• Last modified 1037 days ago (Sept. 14, 2016)


Another Day in the Country

Mice in the pantry

© Another Day in the Country

While I was gone this summer, mice invaded my pantry.

I have no idea how they got in or where they went after they ate the DeCon, but I know they were there. What a mess!

They had parties in the corners. You could tell they had invited guests who were messy.

They feasted on quinoa and chewed into packages of rice noodles.

They left their calling cards on the tops of the cans.

They even tried out the dehydrated gluten shreds which work in lieu of meat in chili; they didn’t like them and ate more plastic chewing into the package than chowing down on vegetarian products; but who wants to eat the rest? Not me.

The same thing happened last summer. When I got back I did some lightweight sweeping up and clearing off, but I really didn’t have time (I thought) to get into the real nitty gritty and remove everything from that room and really clean!

Well, after the second hit, deep cleaning was a must. Every time I went back into the pantry I said to myself, “You’ve got to get this cleaned up.” Then I started saying things like, “This is disgusting!” and “Why haven’t you already done it? You’ve been back for a month!”

What all this self-chastising did was make me grit my teeth at night and didn’t do a thing for the cleanliness of the pantry. I did stop putting anything new in there.

When I got diced tomatoes on sale, I sat them on the counter in the laundry room and didn’t take them into the pantry and you know why! I had to clean that room before anything else went in, remember?

When I shredded all that cabbage from the garden and made it into sauerkraut, did I put it in the pantry? No!! It sat on my cabinet in the kitchen for two weeks. My cousin stopped by and she said, “Oh, you made kraut! Why haven’t you put it on the shelves in the pantry? Do you need help?” Oh, the “help” word!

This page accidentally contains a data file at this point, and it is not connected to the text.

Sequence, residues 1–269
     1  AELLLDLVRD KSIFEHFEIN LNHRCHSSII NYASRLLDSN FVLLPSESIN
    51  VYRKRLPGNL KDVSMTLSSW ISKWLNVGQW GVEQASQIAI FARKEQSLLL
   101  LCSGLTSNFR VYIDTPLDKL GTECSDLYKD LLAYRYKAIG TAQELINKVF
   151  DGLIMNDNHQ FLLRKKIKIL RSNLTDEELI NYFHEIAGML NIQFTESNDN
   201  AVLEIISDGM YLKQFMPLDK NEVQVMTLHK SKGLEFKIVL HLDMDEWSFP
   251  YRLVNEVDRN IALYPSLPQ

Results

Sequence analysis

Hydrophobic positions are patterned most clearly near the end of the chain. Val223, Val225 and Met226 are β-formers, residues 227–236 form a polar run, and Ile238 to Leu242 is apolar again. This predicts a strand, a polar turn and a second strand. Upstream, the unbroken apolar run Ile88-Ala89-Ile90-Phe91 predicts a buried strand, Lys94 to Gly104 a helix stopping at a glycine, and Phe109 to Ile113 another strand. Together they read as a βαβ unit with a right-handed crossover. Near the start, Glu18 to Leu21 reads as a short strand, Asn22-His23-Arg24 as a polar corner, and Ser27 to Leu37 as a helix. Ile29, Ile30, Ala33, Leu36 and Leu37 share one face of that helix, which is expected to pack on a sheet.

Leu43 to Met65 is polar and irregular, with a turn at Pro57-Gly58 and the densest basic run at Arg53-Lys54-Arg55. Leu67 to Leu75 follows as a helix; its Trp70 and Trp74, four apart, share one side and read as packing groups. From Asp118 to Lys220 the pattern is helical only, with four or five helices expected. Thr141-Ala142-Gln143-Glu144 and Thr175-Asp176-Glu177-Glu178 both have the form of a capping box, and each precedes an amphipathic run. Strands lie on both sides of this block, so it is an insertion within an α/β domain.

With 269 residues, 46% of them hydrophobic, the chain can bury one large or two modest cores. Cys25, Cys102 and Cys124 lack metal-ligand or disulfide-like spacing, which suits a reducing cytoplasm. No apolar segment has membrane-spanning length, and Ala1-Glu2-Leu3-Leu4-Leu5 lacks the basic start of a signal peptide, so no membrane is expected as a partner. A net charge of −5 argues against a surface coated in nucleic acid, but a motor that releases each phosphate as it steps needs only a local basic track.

Nonchalantly, I told her the mice story and how I had to clean everything before I could add anything new to the mix. I think it was then that I realized that I did need some help.

This pantry was originally my mother’s. She kept it full to the brim! On the highest shelves are boxes and boxes of canning jars, all of which the mice seemed to have visited. There’s a high shelf with her bottle capper that I use when I make root beer (once in a blue moon). There’s my parents’ old hand-cranked ice cream freezer with a bag of salt. There are miscellaneous thermos containers that Dad used to keep in the trunk of his car, along with his hand soap, towels, and tools, long before the days when bottled water was an easy thing to come by. There are emergency supplies like a “crate” of healthy breakfast bars, “just in case” and a bottle of wine dated 2000 in honor of the millennium. There’s the colander for making applesauce—you get the idea. This and more, plus rows of canned tomatoes and grocery supplies.

This week, after our Sunday ritual breakfast, I asked my sister for help.

“Maybe for starters just climb the ladder and hand me stuff?” I said.

She said she would, gladly; but I hadn’t a clue that this job would last all day! We had categories of removals all over the house, literally on every counter and table so that Jess could wash down the walls with soap and Clorox!

During this whole procedure, I was processing much more than cleaning up mouse droppings.

First of all, me asking for help is a rare occurrence. I’ve always been the one to do the helping. You can see this was a necessary lesson, albeit difficult!

There was grief for more than the loss of macaroni products. So many decisions.

For instance, what to do with this shelf of hot pepper jelly that Tooltime Tim helped me make and no one else seems to love quite as much? How sad that Tim died. That jelly, made in 2007 is getting old so I threw most of it out.

And what to do with all these empty canning jars? How sad that I don’t can as much.

How sad that times are changing and I no longer have a family to feed and big events to plan for.

How sad that I’m not as strong as I was 20 years ago or as carefree on ladders.

Tears filled my eyes as I cleaned. Who knew that this sad awareness of how time changes everything was what kept me from cleaning that pantry?

Well, we got the job done. Everything is squeaky clean and organized. My soul was gently cleansed in the process. There are even empty shelves waiting for new things to happen and memories to preserve on another day in the country.

Last modified Sept. 14, 2016